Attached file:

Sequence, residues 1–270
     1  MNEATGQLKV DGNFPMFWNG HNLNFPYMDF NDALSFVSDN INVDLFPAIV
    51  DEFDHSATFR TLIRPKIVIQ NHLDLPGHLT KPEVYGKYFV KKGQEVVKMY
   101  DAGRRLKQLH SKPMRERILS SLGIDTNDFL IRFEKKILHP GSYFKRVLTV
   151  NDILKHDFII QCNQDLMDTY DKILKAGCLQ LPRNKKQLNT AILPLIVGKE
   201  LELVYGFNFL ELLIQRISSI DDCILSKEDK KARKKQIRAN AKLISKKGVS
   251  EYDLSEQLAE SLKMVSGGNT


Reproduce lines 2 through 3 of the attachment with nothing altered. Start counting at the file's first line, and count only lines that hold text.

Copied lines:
     1  MNEATGQLKV DGNFPMFWNG HNLNFPYMDF NDALSFVSDN INVDLFPAIV
    51  DEFDHSATFR TLIRPKIVIQ NHLDLPGHLT KPEVYGKYFV KKGQEVVKMY